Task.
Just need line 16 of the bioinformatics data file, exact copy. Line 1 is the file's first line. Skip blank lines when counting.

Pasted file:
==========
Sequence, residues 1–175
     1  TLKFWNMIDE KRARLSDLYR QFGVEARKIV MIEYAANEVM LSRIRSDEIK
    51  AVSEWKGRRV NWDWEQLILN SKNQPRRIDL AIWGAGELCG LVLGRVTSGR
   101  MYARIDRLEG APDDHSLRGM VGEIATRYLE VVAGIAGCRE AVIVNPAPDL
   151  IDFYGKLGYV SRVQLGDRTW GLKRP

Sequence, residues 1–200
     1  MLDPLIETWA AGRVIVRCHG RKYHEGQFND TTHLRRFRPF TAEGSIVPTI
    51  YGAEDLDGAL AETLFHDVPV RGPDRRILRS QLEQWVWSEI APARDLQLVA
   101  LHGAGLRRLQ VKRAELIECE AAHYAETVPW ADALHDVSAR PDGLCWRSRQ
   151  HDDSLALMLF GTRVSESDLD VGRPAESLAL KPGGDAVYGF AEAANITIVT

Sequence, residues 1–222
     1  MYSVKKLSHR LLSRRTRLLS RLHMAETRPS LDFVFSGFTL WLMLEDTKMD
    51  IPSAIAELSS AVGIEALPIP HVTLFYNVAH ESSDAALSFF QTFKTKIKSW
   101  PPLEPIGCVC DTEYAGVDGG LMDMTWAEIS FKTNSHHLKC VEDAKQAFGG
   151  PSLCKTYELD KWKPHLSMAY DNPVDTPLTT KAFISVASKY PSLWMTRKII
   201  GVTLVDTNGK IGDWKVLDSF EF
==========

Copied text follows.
   201  GVTLVDTNGK IGDWKVLDSF EF